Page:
- It is counterproductive to tax people on the improvements they make to their property and to their businesses, as these things increase the prosperity of the country and the general tax base. “If a man improved his holding so as to make it produce more he was doing good for the country, and should be encouraged, rather than harassed. It was straight-out robbery to tax those improvements.” (Some also made the Georgist argument that the only valid tax is one on the unimproved value of land.)
- This is even worse for farmers who lease their land from the government, as they get taxed for making improvements to property that they do not even own.
Farmers in Queensland were organized in groups called “Local Producers’ Associations,” which were the means by which they organized and spread their tax strike. The first LPA to take on the tax was from Kalapa, and it came out swinging, passing the following resolution in :
That this association enters an emphatic protest against the action of the Government in making these undue levies against the primary producers of Queensland, who have invested their capital in improving properties for the sole purpose of sustaining livelihood either by means of watering stock or for irrigation purposes, by this exessive tax on water, which is certainly a tax on the progressive producer, and on unfortunate landholders, who have not running water on their properties. That the Council of Agriculture should be written to asking it to circularise Local Producers’ Associations in the State, requesting them to protest as a body, and advise the farmers to refuse to pay the tax; that a copy also should be sent to the Pastoralists’ Association, asking for any suggestions on the matter.
Other LPAs and other groups of farmers followed suit:
- In Ayr, in “the biggest meeting of farmers ever held in the Burdekin district” at which “Ninety per cent of the farmers of the district were present,” according to a news account, the group decided that if the Government did not respond satisfactorily to their protest, “the farmers should refuse to take out a [water] license… All present pledged themselves to refuse to take out a license.”
- A few days later, the Upper Ulam LPA met, and unanimously declared “that this Association stand firm in a refusal to register wells, and hereby solicit the earnest support and cooperation of all other LPAs and any other persons having wells on their properties.”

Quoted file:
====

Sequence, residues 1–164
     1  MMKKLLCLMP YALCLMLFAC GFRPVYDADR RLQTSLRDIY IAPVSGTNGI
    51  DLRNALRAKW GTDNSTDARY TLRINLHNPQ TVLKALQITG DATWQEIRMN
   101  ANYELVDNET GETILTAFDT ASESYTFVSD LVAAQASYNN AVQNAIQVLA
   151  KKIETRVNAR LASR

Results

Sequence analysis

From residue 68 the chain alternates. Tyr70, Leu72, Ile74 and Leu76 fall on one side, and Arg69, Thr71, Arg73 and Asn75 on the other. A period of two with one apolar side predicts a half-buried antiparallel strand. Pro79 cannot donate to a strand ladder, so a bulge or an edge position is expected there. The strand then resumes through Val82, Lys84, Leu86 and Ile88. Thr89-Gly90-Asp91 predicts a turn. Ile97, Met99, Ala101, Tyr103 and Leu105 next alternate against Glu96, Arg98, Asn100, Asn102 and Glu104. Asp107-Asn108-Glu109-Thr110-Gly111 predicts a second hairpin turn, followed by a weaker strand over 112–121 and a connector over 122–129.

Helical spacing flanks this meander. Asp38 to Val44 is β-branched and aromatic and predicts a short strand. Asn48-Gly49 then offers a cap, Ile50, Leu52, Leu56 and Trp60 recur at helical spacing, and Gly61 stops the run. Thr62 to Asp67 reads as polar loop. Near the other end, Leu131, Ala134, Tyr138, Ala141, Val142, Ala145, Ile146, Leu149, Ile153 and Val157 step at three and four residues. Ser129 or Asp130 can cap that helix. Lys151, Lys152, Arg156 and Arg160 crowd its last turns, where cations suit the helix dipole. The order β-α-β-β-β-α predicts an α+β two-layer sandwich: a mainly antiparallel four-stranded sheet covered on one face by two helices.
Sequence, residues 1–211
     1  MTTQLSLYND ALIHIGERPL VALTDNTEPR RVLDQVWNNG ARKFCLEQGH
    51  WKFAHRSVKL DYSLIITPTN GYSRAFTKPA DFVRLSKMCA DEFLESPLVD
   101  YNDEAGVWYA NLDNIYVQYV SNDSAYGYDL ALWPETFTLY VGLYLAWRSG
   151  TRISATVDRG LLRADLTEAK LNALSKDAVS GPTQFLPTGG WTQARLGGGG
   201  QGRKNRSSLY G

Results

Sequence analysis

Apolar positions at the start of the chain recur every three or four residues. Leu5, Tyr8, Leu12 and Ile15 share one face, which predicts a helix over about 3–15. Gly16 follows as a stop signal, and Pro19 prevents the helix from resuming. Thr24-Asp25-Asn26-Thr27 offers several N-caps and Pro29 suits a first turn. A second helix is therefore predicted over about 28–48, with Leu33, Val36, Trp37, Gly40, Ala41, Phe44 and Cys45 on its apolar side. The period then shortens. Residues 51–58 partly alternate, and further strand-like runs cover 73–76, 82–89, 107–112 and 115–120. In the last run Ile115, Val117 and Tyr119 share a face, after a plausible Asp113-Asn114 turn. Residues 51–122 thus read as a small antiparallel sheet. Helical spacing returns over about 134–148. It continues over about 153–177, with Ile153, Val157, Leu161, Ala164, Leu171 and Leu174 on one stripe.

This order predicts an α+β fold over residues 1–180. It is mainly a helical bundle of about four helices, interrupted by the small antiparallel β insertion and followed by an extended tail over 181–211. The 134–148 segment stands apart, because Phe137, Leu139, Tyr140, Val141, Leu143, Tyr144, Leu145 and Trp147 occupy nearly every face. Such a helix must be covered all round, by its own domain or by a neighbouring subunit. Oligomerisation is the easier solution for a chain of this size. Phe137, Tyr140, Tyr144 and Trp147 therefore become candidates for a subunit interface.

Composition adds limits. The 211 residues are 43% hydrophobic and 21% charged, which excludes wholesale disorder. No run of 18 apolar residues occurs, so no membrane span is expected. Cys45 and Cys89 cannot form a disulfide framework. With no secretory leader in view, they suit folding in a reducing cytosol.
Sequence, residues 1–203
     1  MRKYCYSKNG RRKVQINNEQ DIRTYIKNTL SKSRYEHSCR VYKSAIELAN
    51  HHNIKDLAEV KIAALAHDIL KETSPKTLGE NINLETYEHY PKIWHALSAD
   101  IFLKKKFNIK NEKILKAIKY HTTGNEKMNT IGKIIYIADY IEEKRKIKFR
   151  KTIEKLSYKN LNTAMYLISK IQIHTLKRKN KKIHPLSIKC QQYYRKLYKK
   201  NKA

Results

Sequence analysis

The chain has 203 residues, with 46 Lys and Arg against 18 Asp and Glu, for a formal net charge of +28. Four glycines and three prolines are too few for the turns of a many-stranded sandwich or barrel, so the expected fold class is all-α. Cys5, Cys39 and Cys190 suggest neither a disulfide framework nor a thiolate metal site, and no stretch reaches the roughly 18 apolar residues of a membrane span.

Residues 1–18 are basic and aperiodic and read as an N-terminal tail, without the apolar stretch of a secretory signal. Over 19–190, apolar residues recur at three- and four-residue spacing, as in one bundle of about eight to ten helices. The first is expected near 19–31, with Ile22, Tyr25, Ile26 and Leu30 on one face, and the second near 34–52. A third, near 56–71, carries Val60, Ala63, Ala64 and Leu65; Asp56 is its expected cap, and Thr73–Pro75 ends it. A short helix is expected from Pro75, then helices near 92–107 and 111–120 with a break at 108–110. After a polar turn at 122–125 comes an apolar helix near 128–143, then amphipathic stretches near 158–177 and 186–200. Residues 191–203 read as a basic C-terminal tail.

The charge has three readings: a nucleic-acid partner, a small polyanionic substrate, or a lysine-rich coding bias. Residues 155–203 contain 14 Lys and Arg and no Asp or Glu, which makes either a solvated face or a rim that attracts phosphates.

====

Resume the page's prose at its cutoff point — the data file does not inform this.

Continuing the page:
- The Richmond branch of the Graziers Association of Central and Northern Queensland then carried a motion “that all payment of water taxes be suspended” until the graziers as a whole could be consulted.
- 200 farmers from the Kalamia and Pioneer Mill suppliers, also in Ayr, unanimously declared that “failing to get relief from the Government, we refuse to take out a license.”
- The Mount Scoria LPA met, also in record numbers, and instructed its secretary to appeal to all other LPAs “to fall in line with those LPAs who have already decided to oppose the provisions of the Water Act by refusing to register or pay any tax.”
- In Rockhampton, the LPA “unanimously decided that all members pledge themselves to offer passive resistance to the operation of the Act by refusing to make the required applications or to furnish any returns, or to make any payments as demanded by the Act. Further, it was decided to invite all other LPAs and kindred bodies to adopt a similar attitude.”
- Byfield LPA passed a motion “refusing to register wells.”
- The Gums LPA “unanimously proposed that no information should be given regarding water in the district, which had been conserved by the settlers at their own expense, and that no licenses should be applied for.”
- Members of the Livingstone Shire council went on record supporting tax resistance: “I’ll fill my well in and remove my machinery before I’ll pay the tax,” said one. “I’m not going to register or take any action, and they can put me in gaol if they like,” said another. “If they try to put us all in gaol it will have to be a pretty big one to hold us. I think all the settlers should hold out.”